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Prevention and management of occupational exposures to human immunodeficiency virus (HIV).
Mt Sinai J Med. 2006 Oct; 73(6):852-6.MS

Abstract

Occupational exposure to blood and other potentially infectious body fluids places health care workers at risk for acquisition of bloodborne pathogens, including the human immunodeficiency virus (HIV). Utilizing appropriate techniques, personal protective equipment, and safer "sharp" technology can minimize the risk of these exposures. When exposure does occur, immediate evaluation and initiation of post-exposure prophylaxis, when indicated. can substantially reduce the risk of transmission of HIV. In this article, the basic concepts of exposure prevention and management are reviewed.

Authors+Show Affiliations

Department of Medicine, Mount Sinai School of Medicine, New York, NY 10029, USA. david.calfee@mssm.edu

Pub Type(s)

Clinical Conference
Journal Article

Language

eng

PubMed ID

17117310

Citation

Calfee, David P.. "Prevention and Management of Occupational Exposures to Human Immunodeficiency Virus (HIV)." The Mount Sinai Journal of Medicine, New York, vol. 73, no. 6, 2006, pp. 852-6.
Calfee DP. Prevention and management of occupational exposures to human immunodeficiency virus (HIV). Mt Sinai J Med. 2006;73(6):852-6.
Calfee, D. P. (2006). Prevention and management of occupational exposures to human immunodeficiency virus (HIV). The Mount Sinai Journal of Medicine, New York, 73(6), 852-6.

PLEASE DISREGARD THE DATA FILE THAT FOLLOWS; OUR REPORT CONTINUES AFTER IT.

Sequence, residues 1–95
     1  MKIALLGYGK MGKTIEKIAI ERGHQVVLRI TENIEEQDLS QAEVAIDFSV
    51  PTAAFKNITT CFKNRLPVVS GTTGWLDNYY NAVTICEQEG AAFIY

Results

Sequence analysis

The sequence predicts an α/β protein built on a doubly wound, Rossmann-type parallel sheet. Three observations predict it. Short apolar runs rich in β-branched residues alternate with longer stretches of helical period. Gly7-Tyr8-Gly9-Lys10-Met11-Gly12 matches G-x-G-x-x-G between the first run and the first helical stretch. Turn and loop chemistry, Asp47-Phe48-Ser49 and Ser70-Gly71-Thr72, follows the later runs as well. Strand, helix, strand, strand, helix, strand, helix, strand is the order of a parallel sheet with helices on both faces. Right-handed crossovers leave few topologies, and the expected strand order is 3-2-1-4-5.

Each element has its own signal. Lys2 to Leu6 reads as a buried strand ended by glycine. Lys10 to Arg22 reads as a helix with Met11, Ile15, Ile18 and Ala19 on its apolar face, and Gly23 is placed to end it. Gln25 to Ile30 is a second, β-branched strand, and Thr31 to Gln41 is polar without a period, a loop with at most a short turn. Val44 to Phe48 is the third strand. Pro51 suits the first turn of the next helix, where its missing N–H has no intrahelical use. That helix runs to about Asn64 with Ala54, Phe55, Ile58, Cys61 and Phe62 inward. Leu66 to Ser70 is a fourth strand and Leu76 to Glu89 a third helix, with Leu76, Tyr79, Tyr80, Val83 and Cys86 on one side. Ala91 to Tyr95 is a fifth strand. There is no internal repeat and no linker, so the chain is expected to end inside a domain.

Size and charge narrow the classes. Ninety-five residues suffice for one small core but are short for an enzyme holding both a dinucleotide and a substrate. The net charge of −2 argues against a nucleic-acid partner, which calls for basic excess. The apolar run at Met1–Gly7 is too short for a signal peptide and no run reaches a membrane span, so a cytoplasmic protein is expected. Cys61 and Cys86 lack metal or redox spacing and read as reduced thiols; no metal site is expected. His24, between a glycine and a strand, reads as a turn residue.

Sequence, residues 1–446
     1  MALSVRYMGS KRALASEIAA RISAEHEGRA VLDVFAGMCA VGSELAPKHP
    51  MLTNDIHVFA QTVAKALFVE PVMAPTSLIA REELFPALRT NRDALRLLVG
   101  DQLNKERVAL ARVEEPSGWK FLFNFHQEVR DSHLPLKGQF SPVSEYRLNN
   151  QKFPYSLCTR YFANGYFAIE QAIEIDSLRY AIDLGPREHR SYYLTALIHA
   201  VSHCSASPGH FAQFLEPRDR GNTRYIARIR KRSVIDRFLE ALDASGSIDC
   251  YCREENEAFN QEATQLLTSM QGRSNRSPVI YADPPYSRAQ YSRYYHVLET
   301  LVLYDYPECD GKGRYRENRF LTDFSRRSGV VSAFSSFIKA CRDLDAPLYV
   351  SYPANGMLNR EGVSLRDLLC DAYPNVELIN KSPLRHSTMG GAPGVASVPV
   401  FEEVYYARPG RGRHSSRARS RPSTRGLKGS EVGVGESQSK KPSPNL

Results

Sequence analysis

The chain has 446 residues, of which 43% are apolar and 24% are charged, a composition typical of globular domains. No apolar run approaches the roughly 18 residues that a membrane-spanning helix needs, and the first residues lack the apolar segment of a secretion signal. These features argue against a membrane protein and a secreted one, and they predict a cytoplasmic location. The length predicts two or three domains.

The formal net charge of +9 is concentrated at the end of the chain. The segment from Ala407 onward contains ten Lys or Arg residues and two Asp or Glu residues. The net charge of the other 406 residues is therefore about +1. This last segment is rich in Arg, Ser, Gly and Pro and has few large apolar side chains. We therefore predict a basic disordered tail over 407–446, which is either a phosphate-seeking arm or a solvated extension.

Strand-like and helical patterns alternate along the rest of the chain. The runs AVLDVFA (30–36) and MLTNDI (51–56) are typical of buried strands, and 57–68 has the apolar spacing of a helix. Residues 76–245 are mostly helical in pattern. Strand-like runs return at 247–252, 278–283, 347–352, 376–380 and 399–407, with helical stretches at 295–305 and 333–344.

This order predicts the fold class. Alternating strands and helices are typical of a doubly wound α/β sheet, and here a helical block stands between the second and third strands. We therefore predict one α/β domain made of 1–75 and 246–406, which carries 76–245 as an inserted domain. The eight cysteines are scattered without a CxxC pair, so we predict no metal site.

Calfee DP. Prevention and Management of Occupational Exposures to Human Immunodeficiency Virus (HIV). Mt Sinai J Med. 2006;73(6):852-6. PubMed PMID: 17117310.
* Article titles in AMA citation format should be in sentence-case
TY - JOUR T1 - Prevention and management of occupational exposures to human immunodeficiency virus (HIV). A1 - Calfee,David P, PY - 2006/11/23/pubmed PY - 2007/1/5/medline PY - 2006/11/23/entrez SP - 852 EP - 6 JF - The Mount Sinai journal of medicine, New York JO - Mt Sinai J Med VL - 73 IS - 6 N2 - Occupational exposure to blood and other potentially infectious body fluids places health care workers at risk for acquisition of bloodborne pathogens, including the human immunodeficiency virus (HIV). Utilizing appropriate techniques, personal protective equipment, and safer "sharp" technology can minimize the risk of these exposures. When exposure does occur, immediate evaluation and initiation of post-exposure prophylaxis, when indicated. can substantially reduce the risk of transmission of HIV. In this article, the basic concepts of exposure prevention and management are reviewed. SN - 0027-2507 UR - https://www.unboundmedicine.com/medline/citation/17117310/Prevention_and_management_of_occupational_exposures_to_human_immunodeficiency_virus__HIV__ L2 - http://www.diseaseinfosearch.org/result/9735 DB - PRIME DP - Unbound Medicine ER -